Race Day Maastricht 70.3 – August 2022

Race Day Maastricht 70.3 – August 2022

Once we arrived in Maastricht and Mark set the bikes up, we ventured out to see the event city.  At think point I was quite calm and excited to buy merchandise and to see my name in lights, well on an overpriced t-shirt!

As we walked over the Maas River my tummy flipped out and I immediately needed to speak with Kate (smiling tri coach) to be re-assured that I could do this, and that my training had been enough. I was like a child wanting her security blanket.  Once registered and now the proud owner of the bag I had always wanted, I joked that I didn’t have to do the race, Mark looked less impressed as my earlier melt down made him think that this could happen! We made our way over to race briefing, where I took nothing in and just kept looking at all these wonderful athletic looking people around me, I started to feel like a fake.

Back to the apartment, where we got the bikes ready, quick ride to check them, stickers on, bags ready and let’s go rack!  It turns out I faff a lot less that Mr Retreats who needed to check everything 3 times over! It was a great feeling going into transition for the first time and not standing outside for once. I had put my stuff in my bike and run bag’s in the order I would get them out and visualized it all in transition.

A mental note of the loos and Mark pointed out landmarks for my bike, I thought it is ok I am between the big pink TT and the green one, (of course there bike were on the bike course before I was out of the water on the day😉). My lovely bike looked like child’s play compared to all these square TT’s with shoes in the pedals, gels taped on and pointy hats on them… imposter syndrome raised its head again.

Race day, I hadn’t slept much the night before but I felt rested. On with the kit, streetwear bag ready and let’s roll.

It was quieter than I expected in transition, but I was glad of the quiet. I was back and forth from the loos and nervous about putting the wetsuit on, but I knew I had too. I went straight to the back of the swim rolling start and saw two

people without wetsuits and thought wish I wasn’t wearing mine. It took 55 mins to get in the water, because of where I choose to start and I now know that isn’t the place for me. I should have held my nerve and gone in the 40-45 min marker, but fear took over. I got in the water to the song “let’s get down to business” calmed my breathing visualized the long slow strong swim I was going to have and set off. The water in the Maas is bad and the green algae was horrific, but my biggest issue was starting right at the back, because now I was with the breaststrokes and the people who could not sight so it was impossible to get into a rhythm or get on anyone’s toes. The current felt strong, and I soon realized I would have been better being brave and leaving the wetsuit off. I counted the bridges and as the song had told me “Get down to business” I now know what all that dry land swimming is for, moments like this when your arms don’t turn because of current and neoprene and just prayed I would make the cut off. I could hear the music getting louder and was starting to enjoy this. When I got out it was 49 mins not too shabby and I was ready to ride, thrilled to hear my name and music blaring I got in the mood for the party.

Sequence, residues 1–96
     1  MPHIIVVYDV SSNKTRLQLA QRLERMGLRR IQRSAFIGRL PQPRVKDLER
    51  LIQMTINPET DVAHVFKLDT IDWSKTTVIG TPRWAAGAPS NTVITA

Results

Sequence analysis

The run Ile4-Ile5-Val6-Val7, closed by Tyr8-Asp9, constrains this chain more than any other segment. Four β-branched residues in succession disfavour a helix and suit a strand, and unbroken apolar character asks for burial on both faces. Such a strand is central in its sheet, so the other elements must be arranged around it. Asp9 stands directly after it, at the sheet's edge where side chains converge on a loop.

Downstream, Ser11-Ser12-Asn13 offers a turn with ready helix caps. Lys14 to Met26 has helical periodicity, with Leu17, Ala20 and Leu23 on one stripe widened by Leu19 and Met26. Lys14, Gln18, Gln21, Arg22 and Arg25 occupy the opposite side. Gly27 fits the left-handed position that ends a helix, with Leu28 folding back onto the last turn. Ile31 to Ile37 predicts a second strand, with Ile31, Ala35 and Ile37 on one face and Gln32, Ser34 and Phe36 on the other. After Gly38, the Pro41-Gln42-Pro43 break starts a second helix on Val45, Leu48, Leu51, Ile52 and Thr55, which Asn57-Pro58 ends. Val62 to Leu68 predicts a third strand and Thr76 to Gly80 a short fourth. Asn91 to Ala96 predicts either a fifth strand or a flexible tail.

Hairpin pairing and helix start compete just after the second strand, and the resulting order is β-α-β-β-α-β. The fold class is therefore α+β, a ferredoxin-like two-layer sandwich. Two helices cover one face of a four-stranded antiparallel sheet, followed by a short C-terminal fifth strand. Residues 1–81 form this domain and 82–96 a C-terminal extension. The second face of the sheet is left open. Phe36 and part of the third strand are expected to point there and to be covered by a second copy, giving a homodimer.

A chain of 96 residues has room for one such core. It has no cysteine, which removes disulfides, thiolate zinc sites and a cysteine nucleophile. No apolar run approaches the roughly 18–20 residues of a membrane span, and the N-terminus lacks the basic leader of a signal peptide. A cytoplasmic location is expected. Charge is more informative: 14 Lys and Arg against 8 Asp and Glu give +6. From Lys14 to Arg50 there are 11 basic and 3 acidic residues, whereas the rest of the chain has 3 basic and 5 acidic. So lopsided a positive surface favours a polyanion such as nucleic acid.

Transition was OK, if anyone knows my husband, they will know that this isn’t his specialty, so it hadn’t featured much in our TRI chats. All went well, personally can’t see what all the fuss is about. I jumped on the bike for the 90k at 900m of climbing it was going to be a breeze! I loved the bike course; it was technical and narrow you really had to be able to handle a bike and although not as quick as most I can control and ride well. I passed a few TT’s and grew with confidence. Kate and fellow athlete Ronnie had given me some advice on HR as I don’t have power meters and can be known to drift off on the bike and needed to be more focused, so HR was a good way to track myself and keep on target.  When I checked I had to reign it in a bit. I could have gone harder, but I know the run was going to be tough on me and wanted to save enough.  Fueling went to plan and I stuck to it, no changing on the day and I did a quick scan of my body every 30 min so I would notice anything I needed. No sloshing in the belly, no fatigue in the legs, not feeling hungry (i.e. thirsty)

Off the bike and on to the run and for the very first time in the past 11 months of training I could do a runoff… Well maybe everyone is right you can do it on the day. I kept my run speed right down and tapped out, walking through the aid stations, even when I didn’t feel I needed to, just as Kate and I had planned, and my best mate Lisa had told me. 10k down and I caught sight of Mark cheering me on, he’d finished 2 hours before so that he could support me, oh bless him! hahaha The second 10k started to hurt, but I told myself well “we are doing it anyway so you might as well just shut up and get on with it, look how strong you are, I am amazing and keep smiling”.  I honestly believe not allowing one bit of self-doubt on the day made it so much more fun for me, I didn’t realize how much self-control I have over the voice in my head until this day and I also never new how much fun I would have. My jaw hurt as much as my legs!

If you are going to do one, I would say train well so you can enjoy it and smile as eventually you will feel that smile on the inside as well as the outside and the crowd love to see it.

I can’t wait for my next one and I am so happy that Kate got me to the starting line, because I loved getting to the finishing one!

If you want to know how I got to the start line, then read my training blog.